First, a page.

With PRP treatment against diabetes
Diabetic foot ulcers are the most common cause of leg amputations worldwide and there are several studies demonstrating the central role of altered granulation tissue formation in these chronic ulcers. It therefore seems reasonable that platelet-rich plasma (PRP) with multiple cytokines/growth factors may alter these sessile ulcers more rapidly during healing by closing the wound sooner and reducing the need for permanent amputations.
What foot problems are associated with diabetes?
If you have diabetes, it is important to check your feet regularly. You should see a podiatrist if any of the following problems occur:
- Blisters, wounds and cuts
- Corns and calluses.
- Nail fungus
- bunions and hammertoes.
- Plantar warts
- Athlete's foot
- Ingrown toenails
All these problems can get worse if they are not treated. If you cannot easily check your own feet, a doctor should help you.
How are diabetic foot ulcers treated?
Conventional treatments for diabetic foot ulcers include rest, bandaging, and topical and oral medications. A doctor can also determine if you are a candidate for platelet-rich plasma (PRP) injections, which have a high success rate in healing diabetic ulcers.
For these injections, he takes a blood sample, filters it and turns it to concentrate the platelets. The platelets contain essential growth factors for healing. The doctor then injects the PRP into areas of your body that need help to heal.
Does PRP help in the treatment of diabetic foot ulcers?
Diabetics have been found to have reduced tissue growth factor concentrations, especially epidermal growth factor. This deficiency impairs wound healing, leading to their chronic development and the risk of amputation. Diabetic ischaemic foot ulcers are the most difficult to treat and are associated with the highest risk of amputation.
Diabetics in combination with foot disorders often have a difficult clinical management. Such patients are prone to bone disease or a period of osteoarticular fusion surgery, mild to concomitant infections and difficult-to-heal skin ulcers.
Basic research has shown that the concentration of several important growth factors is significantly reduced at the site of diabetic foot injury. In recent years, it has been shown that in patients with diabetes who did not undergo Charcot art reconstruction, PDGF and VEGF levels at the bone fusion site were significantly lower than in normal individuals.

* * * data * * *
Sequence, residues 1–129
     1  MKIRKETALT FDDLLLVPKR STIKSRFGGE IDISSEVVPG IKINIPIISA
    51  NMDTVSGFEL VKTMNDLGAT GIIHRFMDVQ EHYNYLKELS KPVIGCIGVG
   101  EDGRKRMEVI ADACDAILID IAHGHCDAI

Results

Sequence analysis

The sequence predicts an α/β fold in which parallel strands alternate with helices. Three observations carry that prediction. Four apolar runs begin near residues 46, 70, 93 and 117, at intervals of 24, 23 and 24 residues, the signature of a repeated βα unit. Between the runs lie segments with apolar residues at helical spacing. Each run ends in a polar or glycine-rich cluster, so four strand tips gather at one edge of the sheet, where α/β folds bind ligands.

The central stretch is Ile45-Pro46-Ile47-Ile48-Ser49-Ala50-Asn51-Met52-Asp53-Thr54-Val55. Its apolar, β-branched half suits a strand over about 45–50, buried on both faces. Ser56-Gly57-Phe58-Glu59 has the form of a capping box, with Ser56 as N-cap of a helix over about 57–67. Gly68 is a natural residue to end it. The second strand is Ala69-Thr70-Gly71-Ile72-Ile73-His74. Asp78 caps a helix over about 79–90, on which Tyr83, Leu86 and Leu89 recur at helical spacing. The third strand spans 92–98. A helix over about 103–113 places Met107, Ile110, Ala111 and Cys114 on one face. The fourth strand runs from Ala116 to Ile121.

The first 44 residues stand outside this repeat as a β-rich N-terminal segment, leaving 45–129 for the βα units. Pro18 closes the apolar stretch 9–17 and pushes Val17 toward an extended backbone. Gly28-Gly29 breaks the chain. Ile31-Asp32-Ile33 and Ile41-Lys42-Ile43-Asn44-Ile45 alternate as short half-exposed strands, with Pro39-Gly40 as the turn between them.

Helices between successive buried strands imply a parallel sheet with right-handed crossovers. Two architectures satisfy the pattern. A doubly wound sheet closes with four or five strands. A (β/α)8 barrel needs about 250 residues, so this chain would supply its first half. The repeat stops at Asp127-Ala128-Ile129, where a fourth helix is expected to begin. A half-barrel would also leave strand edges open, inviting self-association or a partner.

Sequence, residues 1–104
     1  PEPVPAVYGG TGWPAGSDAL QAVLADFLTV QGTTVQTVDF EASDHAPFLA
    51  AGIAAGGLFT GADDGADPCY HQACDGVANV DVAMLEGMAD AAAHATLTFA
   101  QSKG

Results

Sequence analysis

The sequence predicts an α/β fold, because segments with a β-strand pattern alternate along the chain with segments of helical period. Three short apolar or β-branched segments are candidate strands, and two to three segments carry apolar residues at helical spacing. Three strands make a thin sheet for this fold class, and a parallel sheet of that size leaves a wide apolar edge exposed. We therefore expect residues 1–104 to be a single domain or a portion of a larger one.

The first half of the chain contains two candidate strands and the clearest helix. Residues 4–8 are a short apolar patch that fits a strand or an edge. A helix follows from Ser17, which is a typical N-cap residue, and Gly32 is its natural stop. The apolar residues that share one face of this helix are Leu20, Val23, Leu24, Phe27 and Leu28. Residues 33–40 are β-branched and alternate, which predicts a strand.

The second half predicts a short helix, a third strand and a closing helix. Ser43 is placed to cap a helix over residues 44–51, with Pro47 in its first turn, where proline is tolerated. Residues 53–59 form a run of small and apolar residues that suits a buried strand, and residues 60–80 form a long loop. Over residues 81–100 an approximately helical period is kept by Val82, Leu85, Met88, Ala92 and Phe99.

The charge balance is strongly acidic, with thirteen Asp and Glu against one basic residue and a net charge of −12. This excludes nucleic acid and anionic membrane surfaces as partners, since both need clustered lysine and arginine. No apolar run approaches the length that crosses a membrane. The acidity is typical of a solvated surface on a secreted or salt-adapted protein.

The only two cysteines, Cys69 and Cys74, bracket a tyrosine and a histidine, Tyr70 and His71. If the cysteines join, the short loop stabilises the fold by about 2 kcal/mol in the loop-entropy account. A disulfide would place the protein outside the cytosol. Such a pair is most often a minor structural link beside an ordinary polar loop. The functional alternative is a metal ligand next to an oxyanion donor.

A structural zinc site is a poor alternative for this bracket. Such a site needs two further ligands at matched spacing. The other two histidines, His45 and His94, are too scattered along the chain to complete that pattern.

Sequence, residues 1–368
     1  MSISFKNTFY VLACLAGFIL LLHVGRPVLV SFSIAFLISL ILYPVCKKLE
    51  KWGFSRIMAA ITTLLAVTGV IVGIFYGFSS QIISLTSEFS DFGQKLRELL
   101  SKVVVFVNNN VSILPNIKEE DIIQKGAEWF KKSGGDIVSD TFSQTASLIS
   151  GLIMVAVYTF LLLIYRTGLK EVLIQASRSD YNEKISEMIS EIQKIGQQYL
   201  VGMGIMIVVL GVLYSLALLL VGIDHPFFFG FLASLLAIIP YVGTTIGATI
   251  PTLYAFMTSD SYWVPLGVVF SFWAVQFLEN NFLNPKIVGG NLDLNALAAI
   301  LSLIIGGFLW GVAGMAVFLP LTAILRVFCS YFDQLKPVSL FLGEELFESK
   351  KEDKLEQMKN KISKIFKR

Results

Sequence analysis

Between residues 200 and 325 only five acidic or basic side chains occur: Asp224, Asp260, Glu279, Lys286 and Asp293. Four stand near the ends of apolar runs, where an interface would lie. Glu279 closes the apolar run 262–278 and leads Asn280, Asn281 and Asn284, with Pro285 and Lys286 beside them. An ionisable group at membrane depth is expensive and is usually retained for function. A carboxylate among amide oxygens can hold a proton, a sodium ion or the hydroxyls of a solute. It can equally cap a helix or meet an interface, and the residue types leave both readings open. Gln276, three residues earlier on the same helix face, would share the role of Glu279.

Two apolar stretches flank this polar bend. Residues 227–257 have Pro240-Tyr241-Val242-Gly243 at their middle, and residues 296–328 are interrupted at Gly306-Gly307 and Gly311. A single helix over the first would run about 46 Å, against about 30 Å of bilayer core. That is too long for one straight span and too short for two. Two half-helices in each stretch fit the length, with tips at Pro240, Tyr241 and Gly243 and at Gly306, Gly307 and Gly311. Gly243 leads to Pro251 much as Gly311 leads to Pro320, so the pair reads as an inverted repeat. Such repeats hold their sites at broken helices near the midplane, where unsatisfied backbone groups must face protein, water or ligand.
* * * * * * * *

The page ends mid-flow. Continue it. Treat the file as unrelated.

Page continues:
PRP contains several growth factors that are clinically related to the use of PRP therapy in Charcot joint reconstruction.
In a multicentre, prospective, clinical randomised controlled trial, Driver VR used autologous PRP gel to treat diabetic foot ulcers. A total of 40 eligible patients participated in the study. They were randomly divided into two groups: One treatment group received topical treatment with PRP gel. The control group received a saline gel treatment. Ulcer healing was assessed every 12 weeks for a total of 12 weeks. Thirteen (68.4%) and 9 (42.9%) ulcers recovered in the treatment and control groups, respectively. Kaplan-Meier time-to-cure analysis also showed that the PRP treatment group was significantly better than the control group. No serious side effects occurred during PRP treatment. The study concluded that the use of PRP was very effective for diabetic foot ulcers.
How does PRP therapy work?
PRP therapy can repair injuries and relieve pain in the body. It is associated with faster healing, a significant reduction in pain and a much lower risk than other treatments.
Growth factors and proteins are found in the platelets of the blood. These elements are designed to stimulate healing, support cell growth and generate new tissue. The body's first response to a soft tissue injury is to bring a rush of platelets to the site to speed up the repair process.
PRP therapy is a form of regenerative medicine that uses the natural healing powers of blood. The procedure involves extracting and isolating platelets and plasma from a sample of your own blood, then the doctor concentrates it in a healing solution. It is then injected back into the body at (and around) the point of injury or pain.
When the growth factors interact with local cells, they trigger the cells to heal the injury. This promotes tissue formation and reduces inflammation. The PRP solution can also provide a lubricating factor.
Diabetic foot ulceration is a major health problem and leads to amputation in 15%. There is a prolonged inflammatory phase that leads to a delay in granulation tissue formation and a decrease in the tensile strength of the wound. PRP improves wound healing by providing the necessary growth factors and reducing inflammation. Autologous PRP is a safe and cost-effective method of treating diabetic foot ulcers.
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